Texas baseball’s new home run helmet brings motivation in bumpy season

Skyler+Messinger+completes+rounding+the+bases+after+a+making+a+home+run+into+left+field%2C+deep+in+the+fifth+inning.+Messinger+and+the+Longhorns+took+on++Oklahoma+State+on+Apr.+29%2C+2022.

Gregory Weston/The Daily Texan

Skyler Messinger completes rounding the bases after a making a home run into left field, deep in the fifth inning. Messinger and the Longhorns took on Oklahoma State on Apr. 29, 2022.

Jordan Mitchell, Sports Reporter

Editor’s note: This article first appeared in the May 3, 2022 flipbook.

Texas baseball fans might have noticed a new trend in the dugout: After each Longhorn home run, the batter dons a Texas football helmet in celebration. The new tradition began as a gag courtesy of the football equipment staff. 

During a Tuesday night matchup against Air Force, a fouled line drive bounced into Texas’ dugout, striking assistant head coach Sean Allen in the head for a concussion scare. 

While game medics tried transporting Allen from the game on a stretcher, Allen refused, walking out of UFCU Disch-Falk Field under his own power. Allen took Wednesday night’s rematch against Air Force off to recover.

In a media availability that Thursday, head coach David Pierce reported that Allen suffered multiple fractures on the side of his cheek, but that he was back at practice.

“He looks like he got into a fight with Mike Tyson,” Pierce said.

Before their matchup against Baylor on April 22, the Texas football equipment staff left a little get-well present for Allen in the dugout. The gift was a regulation-sized Texas football helmet. 

Carli Todd, director of player development and social media manager, photographed Allen’s new football helmet between three batting helmets and posted the image to Twitter before the start of the Baylor game.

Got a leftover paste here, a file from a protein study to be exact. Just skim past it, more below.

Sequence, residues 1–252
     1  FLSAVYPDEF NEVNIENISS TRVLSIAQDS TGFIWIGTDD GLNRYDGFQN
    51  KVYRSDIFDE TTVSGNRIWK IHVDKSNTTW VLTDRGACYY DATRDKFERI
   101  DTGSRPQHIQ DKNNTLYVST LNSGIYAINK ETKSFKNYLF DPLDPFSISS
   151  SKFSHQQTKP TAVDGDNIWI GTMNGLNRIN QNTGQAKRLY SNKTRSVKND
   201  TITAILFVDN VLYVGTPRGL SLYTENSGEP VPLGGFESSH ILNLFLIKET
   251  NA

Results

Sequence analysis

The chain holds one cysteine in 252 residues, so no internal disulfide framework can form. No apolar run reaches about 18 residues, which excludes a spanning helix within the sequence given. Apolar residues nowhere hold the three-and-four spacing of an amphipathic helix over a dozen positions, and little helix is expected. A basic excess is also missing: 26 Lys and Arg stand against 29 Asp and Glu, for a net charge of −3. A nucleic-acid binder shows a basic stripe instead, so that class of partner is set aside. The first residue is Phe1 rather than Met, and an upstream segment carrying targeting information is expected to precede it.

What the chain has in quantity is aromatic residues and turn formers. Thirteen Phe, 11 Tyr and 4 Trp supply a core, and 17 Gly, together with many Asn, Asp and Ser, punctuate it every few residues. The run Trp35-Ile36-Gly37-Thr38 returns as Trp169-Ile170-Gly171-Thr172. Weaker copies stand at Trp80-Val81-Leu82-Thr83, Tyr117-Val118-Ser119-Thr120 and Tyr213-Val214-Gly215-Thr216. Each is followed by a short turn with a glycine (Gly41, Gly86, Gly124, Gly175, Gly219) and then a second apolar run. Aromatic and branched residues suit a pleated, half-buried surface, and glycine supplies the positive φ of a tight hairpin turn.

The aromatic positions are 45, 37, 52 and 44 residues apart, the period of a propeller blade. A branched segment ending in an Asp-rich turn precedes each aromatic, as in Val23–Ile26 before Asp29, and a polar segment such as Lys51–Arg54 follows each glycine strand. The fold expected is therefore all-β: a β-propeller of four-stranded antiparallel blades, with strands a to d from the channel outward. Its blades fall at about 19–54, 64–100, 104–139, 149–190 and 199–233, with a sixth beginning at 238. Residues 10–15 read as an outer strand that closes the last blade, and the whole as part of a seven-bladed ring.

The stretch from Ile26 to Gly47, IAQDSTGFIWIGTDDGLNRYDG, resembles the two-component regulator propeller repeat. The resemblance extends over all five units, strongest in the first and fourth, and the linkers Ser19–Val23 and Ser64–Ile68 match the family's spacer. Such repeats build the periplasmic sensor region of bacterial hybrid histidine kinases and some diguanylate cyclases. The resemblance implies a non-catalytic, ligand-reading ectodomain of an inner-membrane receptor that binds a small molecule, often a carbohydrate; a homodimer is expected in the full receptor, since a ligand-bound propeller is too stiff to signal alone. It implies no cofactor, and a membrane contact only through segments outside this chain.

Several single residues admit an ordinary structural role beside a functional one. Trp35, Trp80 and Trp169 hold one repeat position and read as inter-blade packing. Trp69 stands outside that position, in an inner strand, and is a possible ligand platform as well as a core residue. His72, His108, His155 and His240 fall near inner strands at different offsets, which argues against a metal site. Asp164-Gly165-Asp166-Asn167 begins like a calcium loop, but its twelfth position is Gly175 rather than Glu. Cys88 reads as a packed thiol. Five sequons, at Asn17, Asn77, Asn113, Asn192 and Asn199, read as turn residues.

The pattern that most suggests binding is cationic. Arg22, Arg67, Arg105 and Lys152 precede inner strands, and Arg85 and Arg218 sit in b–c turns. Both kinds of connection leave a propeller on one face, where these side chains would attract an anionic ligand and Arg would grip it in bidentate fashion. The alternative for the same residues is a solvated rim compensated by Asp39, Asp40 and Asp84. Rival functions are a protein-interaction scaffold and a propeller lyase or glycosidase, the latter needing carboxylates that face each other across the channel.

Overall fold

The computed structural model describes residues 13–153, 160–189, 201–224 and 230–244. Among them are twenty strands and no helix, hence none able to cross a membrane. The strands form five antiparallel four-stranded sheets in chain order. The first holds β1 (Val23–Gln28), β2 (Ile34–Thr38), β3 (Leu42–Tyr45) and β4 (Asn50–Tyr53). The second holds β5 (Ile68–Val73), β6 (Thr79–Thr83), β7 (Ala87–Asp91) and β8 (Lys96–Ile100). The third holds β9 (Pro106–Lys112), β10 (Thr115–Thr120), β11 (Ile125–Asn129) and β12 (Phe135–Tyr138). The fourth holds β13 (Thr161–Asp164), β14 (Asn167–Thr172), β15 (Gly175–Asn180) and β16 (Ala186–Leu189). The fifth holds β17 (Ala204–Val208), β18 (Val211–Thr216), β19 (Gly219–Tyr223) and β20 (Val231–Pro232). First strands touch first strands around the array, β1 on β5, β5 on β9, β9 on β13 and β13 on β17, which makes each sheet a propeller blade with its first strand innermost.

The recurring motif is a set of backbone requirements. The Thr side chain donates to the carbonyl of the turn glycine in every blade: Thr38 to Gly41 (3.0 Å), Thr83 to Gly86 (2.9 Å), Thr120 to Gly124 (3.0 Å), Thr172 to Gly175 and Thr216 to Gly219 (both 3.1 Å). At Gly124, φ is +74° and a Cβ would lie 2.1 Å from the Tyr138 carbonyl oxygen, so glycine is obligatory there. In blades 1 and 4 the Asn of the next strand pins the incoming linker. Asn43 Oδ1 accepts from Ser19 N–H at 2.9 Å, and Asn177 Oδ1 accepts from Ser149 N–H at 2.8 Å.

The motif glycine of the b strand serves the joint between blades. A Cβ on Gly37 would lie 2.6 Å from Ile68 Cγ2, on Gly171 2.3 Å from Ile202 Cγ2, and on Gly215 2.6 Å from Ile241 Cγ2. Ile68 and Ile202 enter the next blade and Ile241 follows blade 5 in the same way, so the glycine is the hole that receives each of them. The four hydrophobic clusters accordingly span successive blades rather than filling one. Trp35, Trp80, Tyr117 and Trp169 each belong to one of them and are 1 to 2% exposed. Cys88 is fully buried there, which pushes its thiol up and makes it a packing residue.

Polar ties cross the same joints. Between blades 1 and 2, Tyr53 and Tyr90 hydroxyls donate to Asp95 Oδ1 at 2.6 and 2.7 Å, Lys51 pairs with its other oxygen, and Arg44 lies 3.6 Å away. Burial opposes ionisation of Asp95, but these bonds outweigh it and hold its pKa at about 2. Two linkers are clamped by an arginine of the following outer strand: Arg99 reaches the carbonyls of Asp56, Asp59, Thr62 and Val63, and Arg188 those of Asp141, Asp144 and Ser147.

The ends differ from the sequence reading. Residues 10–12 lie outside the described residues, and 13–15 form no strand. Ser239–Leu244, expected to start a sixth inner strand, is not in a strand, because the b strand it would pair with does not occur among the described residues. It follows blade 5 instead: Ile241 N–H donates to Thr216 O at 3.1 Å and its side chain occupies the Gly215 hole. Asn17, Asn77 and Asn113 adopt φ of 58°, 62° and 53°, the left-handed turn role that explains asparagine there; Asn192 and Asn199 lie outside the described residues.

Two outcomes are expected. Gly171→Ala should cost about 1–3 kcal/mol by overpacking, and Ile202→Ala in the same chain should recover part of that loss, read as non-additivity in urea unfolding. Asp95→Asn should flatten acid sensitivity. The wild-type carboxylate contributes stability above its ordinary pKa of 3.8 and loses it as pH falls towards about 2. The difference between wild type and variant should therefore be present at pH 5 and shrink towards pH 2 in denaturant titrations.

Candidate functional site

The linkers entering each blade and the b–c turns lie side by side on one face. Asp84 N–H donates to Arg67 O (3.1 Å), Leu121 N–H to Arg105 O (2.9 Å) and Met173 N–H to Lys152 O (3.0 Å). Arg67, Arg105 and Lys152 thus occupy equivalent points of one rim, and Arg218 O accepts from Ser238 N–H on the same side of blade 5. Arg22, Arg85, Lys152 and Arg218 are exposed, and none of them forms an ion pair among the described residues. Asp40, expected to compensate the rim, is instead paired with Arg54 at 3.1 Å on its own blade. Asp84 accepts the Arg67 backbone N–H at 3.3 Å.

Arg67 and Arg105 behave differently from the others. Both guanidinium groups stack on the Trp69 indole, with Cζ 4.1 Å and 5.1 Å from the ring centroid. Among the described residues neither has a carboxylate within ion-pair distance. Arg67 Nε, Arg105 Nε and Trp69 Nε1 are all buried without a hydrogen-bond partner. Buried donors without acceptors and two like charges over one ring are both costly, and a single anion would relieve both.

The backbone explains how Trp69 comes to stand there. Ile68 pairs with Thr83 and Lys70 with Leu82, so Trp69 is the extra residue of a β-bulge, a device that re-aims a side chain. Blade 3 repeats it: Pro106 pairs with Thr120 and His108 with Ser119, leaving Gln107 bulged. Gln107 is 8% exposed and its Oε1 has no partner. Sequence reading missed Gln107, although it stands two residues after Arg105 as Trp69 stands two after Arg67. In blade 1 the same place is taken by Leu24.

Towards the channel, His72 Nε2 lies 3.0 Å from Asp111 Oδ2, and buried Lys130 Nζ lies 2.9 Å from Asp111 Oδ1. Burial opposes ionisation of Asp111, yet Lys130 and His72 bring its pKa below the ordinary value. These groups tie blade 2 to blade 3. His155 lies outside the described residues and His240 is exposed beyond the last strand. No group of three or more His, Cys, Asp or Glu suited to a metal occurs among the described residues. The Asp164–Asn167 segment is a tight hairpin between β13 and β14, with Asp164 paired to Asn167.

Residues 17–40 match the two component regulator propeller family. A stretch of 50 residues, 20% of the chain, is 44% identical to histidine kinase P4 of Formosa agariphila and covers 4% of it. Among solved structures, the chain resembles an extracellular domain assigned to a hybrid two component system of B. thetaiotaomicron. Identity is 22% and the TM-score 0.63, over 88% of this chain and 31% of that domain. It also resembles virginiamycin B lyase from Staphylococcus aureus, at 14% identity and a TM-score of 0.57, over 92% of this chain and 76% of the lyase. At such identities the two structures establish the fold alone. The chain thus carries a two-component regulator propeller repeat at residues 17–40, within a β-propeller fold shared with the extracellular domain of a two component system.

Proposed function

However, it wasn’t Allen who sported the helmet during Friday’s game, but the players. 

In the bottom of the fourth inning, redshirt junior Ivan Melendez blasted his 18th home run of the season in between the batter’s eye and the scoreboard, widening Texas’ lead to ten runs over Baylor. Pretty routine for a Friday night game at the Disch.

When Melendez returned to home plate, his teammates ripped off his batting helmet and replaced it with the football helmet, bringing an already rowdy crowd of 7,300 to their feet.

“We knew coach Allen wasn’t gonna wear it,” Pierce joked. “They figured out a way to utilize it, so it’s part of the group now.”

Since Melendez put on the helmet following his 403-foot dinger, Texas has gone on a home run surge. During the Baylor series, the Longhorns blasted 14 home runs, including sophomore transfer Kimble Schuessler’s and redshirt senior Austin Todd’s first of the season. 

“Hitting is contagious,” Melendez said. “We’re just gonna keep rolling, when you hit you get a hot streak so you got to grind them out.”

While the win streak didn’t hold into the next week, as Texas was swept at home by No. 8 Oklahoma State, the Longhorns did continue to hit well. On Friday, graduate transfer Skyler Messinger blasted two home runs during the three-homer game, while Todd broke Texas’ single-season home run record set in 2010 with the 82nd of the season.

“I honestly didn’t even know that I did that,” Todd said. “The swing felt good.”

With four more bombs added Sunday, the home run count with the new tradition has reached 22, or about 26% of Texas’ total home runs on the season.

When asked if the helmet would stay, Pierce responded with an enthusiastic “of course,” and that he appreciated his players’ creativity with it. 

“I love the fact that they used their imagination and turned it into something else,” Pierce said.

But one burning question remains has Pierce ever put on the helmet?

“Nah, but I might need to though,” Pierce said. “(Allen) needs a picture with it on.”